How To – IDE To USB Adapter


I have a bunch of old IDE hard drives. I needed a good adapter to hook them up to my computer so I ordered a new one on eBay. I found this one: IDE SATA to USB 3.0 SATA 3 Cable Adapter Converter for 2.5″ and 3.5″ Hard Drives.

It’s simple to use. I had to plug the hard drive in the right connector for IDE. Desktop IDE and SATA drives need an external power source, unlike laptop SATA that can run directly off the USB.

There was a small power adapter, the one with the red, black, and yellow wires, that had to be plugged into the adapter and the hard drive. That was a bit of a struggle– I wish the wires were a bit longer.

Then there were two other plugins, one for the power plug and the other for USB that gets plugged into your computer.


If the hard drive is good, it will show up as another drive letter in File Explorer or My Computer. All but one of my hard drives is good. I still have an old computer, IDE based, that I sometimes hook up just to back up files to it. So I will hang on to my old IDE drives for now.

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About the Author

Terry Hollett

Terry is a self-taught computer aficionado, who after being exposed to Windows 3.1 in the early 1990's devoured every book and magazine on the subject he could get his hands on. A published author with over 20 years' experience building and servicing computers for friends and family he started his first website in 2002 at Hit Any Key.

11 Comments

  1. Yep, I also keep an older SFF IDE PC around for the same reason. It doesn’t even have a hard drive in it, as I simply boot up a live Linux USB and go from there.

    PS: using Linux to do the transfer also removes those pesky Windows “permissions” problems.

    ūüėČ

  2. It can be done much easier with an IDE to USB HDD enclosure that has just the USB cable and the power adapter. The other wiring is inside the case. Much easier and it looks better. They are available on Amazon, NewEgg, and eBay for about $25.

    • Enclosure usually limits you to one type of drive. And you would need one for each drive. I don’t find these adapters hard to use, it was just that short power cord that made it a bit awkward.

      • Actually I saw one on Amazon that is like a docking station and lets you plug in at least 2 drives at the same time. No I believe the adapter wouldn’t be hard to use. It’s just the appearance factor and that extra cord.

  3. My old IDE/PATA drives are good, but Windows 10 Pro (my OS) can’t recognize them. I’ve tried several brands, including the one you’ve described. Are they too old (WD ATA-2 Caviars and a Maxtor DiamondMax21) for the adapters? I need to save the data, but don’t have an old PC such as yours. Any suggestions?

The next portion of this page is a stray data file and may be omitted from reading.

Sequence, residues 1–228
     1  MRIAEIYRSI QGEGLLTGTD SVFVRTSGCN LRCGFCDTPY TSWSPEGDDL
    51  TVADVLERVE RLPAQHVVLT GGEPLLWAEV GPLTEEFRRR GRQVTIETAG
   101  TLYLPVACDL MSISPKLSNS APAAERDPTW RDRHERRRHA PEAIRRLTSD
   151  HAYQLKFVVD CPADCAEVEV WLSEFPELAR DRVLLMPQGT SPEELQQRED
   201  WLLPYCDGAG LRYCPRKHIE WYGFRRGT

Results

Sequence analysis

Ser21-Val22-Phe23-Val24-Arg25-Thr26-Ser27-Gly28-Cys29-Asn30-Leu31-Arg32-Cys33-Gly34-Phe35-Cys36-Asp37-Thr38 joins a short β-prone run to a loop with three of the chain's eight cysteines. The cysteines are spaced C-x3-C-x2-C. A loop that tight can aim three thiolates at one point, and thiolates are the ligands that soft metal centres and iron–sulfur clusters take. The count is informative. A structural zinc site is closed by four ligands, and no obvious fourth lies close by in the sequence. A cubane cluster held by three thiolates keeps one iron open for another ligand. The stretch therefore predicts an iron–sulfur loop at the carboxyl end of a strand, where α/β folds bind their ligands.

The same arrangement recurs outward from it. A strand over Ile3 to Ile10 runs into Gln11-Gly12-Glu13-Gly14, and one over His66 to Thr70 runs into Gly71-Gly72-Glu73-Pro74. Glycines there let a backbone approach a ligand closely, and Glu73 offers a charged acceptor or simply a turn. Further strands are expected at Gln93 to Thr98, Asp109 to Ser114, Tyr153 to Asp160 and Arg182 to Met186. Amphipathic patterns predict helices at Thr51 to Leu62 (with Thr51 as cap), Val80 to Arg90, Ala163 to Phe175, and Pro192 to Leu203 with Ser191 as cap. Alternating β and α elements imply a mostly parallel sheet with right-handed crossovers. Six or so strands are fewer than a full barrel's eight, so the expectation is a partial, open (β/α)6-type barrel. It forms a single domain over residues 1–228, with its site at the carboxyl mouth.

• The oldest drive I have is a Maxtor DiamondMax VL 40, 20 GB in size, manufactured in the year 2000. And that one works. The WD 1600 pictured is 160 GB manufactured in 2004. It works. Not all adapters are made equal, if you can, try another adapter. Not all USB ports are made equal, try another USB port. None of my adapters work in the front USB ports on my computer.

  4. Terry,
    I to have a bunch old hard drives I am trying to go thru. I am using a “Sabrint” device. It works, sort of…Keeps giving each IDE Dr. an “H” but classifies it as a removable disk drive. Don’t suppose you know how to change the windows driver from one to another would you??

    • What you are describing seems normal. When you attach a new drive to a Windows setup it will assign the next available letter to that drive, in your case H. If you kept that drive plugged in and plugged in another that one would get the letter I. And another would get J and so on. But once you unplug it the H letter gets freed up for the next drive. If you want to set a letter per drive otherwise, do the following.

      With disk plugged in type disk management in search and click on create and format hard disk partitions. Right-click on the drive in the list that you want to change, click change drive letters and paths, then change, click on the letter that is already assigned and in the menu that opens choose your drive letter. Then OK. Windows will remember that drive letter after that point.

      • Terry, been away, sorry for the delay. What I was referring to was that the Sabrent was showing my hard DR. as a removable drive. Some 5-6 hard drives I attempted to check. All saying the same thing–showing as a removable drive. Western drives as well as Maxtor drives, and Carvier drives, different ages etc. I’ve tried to get help from Sabrent but I seem to be getting a stalling attitude. I was wondering if you had ever come across this problem and new of a fix. Iv’e reciently received another Company’s product and it works just fine.

        Thanks,
        Harry

        • So if I understand you correctly, your concern is that the drives are being marked as “removable drive”. As long as they are working, I would not be concerned about that.

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